It was early October and a cold front was moving in on Detlor's Beach along the Atlantic coast. Cumulus clouds banked ominously upon themselves in dark tumescent ripples just over the white-capped horizon.
“Let’s sit here,” Stuart, a man in his mid-thirties said, indicating an outcropping of black rocks just shy of the lapping waves. He removed his jacket and placed it on a low shelf of one of the rocks, offering his hand to the woman walking next to him.
The woman, his wife, Frances, ignored the gesture and stood, looking out into the water. The wind blew her hair around her face.
“Please, let’s just sit and talk,” he said.
Bighting her lip, she didn’t look at him. “About the divorce?” Her lips formed an enigmatic smile. “I…I guess it was a bit sudden, dropping it on you like I did, but I really had no choice.”
“No choice? Just like that, out of the blue. Help me understand.”
She pulled the cardigan she was wearing tight around her, overlapping one arm over the other. “What’s to understand? After twenty years, no kids, we’ve grown apart. End of story. Time to start a new book. You’ll have your life, I’ll have mine.”
“We’ve not grown apart and you know it.” He hesitated. “I called Dr. Carlyle. He told me about the cancer.
She drew a deep breath, turning to him. “You had no right…”
“I’m your husband, I have every right.”
“I’ll not have you feeling sorry for me.”
“You and your obstinate pride. Pity has nothing to do with it. I love you and want to support you. Our wedding vows, for sickness and in health, are sacred to me. I know you’re frightened…”
“You don’t know how I feel - how can you?”
“Because we’ve shared the past twenty years together; the best years of my life, that’s how. He extended his hand again. “Please let’s just sit and talk this out.
“Cancer is not something you can talk your way out of.”
“I didn’t mean it that way. Please.”
Hesitantly she took his hand and sat upon his jacket. “I don’t want to be a burden to you, Stu; it’s as simple as that. I know a divorce sounds cold and cruel, but it’s the best way, really.” She tried to sound light but it came out feigned. “You’ll be free…”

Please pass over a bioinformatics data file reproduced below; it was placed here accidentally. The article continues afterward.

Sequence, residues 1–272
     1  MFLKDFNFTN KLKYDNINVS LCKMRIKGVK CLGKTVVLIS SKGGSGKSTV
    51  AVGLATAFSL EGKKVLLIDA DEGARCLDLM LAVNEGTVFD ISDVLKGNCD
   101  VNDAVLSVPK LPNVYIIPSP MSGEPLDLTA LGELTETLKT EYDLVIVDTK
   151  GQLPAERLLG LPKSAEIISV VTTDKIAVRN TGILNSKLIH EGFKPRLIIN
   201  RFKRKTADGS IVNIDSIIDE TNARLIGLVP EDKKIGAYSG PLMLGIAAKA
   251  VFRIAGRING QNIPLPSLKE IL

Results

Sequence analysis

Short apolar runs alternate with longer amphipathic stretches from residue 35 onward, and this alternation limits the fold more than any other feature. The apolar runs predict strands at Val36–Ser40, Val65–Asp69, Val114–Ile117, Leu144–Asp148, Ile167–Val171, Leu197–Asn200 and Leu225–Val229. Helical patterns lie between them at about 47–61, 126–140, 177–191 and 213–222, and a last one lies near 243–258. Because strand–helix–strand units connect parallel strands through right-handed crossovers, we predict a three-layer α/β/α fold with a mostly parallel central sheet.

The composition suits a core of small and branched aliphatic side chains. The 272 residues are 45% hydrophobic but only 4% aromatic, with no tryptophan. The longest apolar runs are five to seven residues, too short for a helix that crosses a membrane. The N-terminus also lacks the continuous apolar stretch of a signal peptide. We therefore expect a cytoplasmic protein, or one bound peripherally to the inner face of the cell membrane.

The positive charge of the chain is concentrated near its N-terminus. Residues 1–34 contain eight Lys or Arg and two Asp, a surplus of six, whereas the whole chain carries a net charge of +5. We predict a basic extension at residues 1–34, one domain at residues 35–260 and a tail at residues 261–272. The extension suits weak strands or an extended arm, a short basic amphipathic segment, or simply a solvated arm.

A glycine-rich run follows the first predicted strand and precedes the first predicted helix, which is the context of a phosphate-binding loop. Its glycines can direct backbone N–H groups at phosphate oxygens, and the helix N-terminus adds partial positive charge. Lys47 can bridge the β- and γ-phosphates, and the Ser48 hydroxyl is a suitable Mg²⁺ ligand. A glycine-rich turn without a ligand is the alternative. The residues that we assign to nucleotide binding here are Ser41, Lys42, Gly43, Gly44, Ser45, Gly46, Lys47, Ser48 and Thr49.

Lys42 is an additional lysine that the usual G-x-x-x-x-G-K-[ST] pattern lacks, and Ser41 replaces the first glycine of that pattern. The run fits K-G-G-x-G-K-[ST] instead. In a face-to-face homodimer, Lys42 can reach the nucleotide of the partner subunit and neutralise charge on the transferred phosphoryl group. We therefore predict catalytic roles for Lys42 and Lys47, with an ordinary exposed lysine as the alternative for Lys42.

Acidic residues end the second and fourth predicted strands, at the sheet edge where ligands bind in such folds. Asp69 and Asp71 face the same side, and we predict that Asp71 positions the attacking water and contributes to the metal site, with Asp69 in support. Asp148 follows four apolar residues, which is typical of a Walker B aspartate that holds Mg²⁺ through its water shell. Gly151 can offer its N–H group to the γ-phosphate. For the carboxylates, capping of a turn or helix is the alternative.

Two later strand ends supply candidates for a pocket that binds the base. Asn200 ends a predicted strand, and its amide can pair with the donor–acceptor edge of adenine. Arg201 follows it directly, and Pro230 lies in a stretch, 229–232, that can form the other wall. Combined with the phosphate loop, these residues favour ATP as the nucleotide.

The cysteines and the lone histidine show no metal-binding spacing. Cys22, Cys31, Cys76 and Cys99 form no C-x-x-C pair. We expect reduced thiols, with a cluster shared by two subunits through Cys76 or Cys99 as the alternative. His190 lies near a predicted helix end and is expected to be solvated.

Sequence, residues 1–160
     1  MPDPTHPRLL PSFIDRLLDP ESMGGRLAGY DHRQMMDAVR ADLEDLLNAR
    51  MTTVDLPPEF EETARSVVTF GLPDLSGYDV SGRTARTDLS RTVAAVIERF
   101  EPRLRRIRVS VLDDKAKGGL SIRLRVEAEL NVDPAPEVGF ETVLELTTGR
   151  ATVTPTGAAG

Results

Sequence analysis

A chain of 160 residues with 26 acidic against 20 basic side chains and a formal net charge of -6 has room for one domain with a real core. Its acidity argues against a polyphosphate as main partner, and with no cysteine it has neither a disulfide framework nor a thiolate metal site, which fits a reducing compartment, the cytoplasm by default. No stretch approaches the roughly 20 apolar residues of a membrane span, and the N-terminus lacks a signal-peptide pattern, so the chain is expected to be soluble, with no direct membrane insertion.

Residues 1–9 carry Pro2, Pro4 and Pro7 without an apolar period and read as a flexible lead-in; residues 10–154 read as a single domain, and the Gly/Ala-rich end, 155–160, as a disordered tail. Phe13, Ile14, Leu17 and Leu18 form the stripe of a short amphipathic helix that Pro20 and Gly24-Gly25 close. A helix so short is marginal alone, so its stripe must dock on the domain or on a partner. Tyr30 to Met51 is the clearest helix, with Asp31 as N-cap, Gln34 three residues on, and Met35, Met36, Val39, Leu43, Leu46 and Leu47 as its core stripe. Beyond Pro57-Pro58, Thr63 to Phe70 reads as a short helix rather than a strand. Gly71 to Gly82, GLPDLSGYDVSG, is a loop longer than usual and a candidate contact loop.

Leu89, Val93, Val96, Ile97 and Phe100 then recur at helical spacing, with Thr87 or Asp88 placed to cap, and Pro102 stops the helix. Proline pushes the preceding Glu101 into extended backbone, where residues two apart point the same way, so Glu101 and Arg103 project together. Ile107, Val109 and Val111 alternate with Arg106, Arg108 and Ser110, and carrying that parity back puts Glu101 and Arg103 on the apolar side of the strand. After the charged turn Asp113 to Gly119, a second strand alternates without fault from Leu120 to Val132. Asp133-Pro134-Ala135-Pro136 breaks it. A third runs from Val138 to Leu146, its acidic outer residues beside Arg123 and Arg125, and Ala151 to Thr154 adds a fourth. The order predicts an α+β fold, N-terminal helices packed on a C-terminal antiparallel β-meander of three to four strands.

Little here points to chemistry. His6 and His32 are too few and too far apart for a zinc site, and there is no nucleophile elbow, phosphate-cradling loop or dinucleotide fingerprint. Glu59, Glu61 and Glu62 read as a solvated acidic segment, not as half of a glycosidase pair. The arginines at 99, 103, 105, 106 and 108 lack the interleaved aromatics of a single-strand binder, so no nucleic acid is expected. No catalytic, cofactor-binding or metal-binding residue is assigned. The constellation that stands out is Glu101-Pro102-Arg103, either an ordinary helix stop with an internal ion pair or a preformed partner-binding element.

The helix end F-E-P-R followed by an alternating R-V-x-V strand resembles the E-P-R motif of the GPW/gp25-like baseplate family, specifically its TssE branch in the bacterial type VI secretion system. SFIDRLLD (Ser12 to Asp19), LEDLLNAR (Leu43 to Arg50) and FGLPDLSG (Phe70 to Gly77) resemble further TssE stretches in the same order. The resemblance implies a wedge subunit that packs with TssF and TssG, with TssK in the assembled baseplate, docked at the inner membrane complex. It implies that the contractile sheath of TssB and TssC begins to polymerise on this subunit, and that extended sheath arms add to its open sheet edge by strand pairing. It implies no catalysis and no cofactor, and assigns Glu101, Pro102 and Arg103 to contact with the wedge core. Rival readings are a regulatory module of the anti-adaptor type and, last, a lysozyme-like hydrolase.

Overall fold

Stu took her in his arms, causing her to face him. “I don’t want to be free of you. You are my life. Every breath you take is air into my own lungs; every beat of your heart is life flowing through my own veins.” He took her to his chest, holding her in a tight embrace. “Frances, we’re in this together, I will never, ever let you go. Forgive me for ever making you feel otherwise.”
She trembled in his arms. “I’m so frightened” Sobs choked her words; hot tears ran down her cheeks. “I didn’t want to hurt you, but I didn’t know what to do. God, help me. I don’t know what to do.”
Out, above the swell of the ocean waves, a sea gull rode the wind, wings extended, swooping and gliding effortlessly on the front of the oncoming storm. They watched it together.
The gull cried out as Frances broke the stillness. “Stu, be honest,” looking up, she searched his face, “do you have any regrets with our marriage. I mean not having children, not doing the things you dreamed of before we were married…
“Stop right there.” He kissed her lips, snuggling her closer in his arms. As your dearly beloved poet Browning once wrote I’ve loved you to the ‘depth and breadth and height my soul can reach.’” He paused, “and this leaves me room for nothing more.
“See the waves upon the sand. See how when the tide runs over it, it glistens - reflecting all of life around it – the sky, the clouds the gulls. And when the tide ebbs, that shimmer, that reflection is gone. That is how your love, our marriage is to me. Will always be.”
“I’m so sorry for hurting you, but I was only trying to set you free. I’m so blessed by your love. Her trembling eased and she looked up at him. “I never want to lose you.”
He gazed into her searching eyes. “You never will. We’re bound together forever. And, even as Browning ended: that if God chooses, we shall but love better even after death.”
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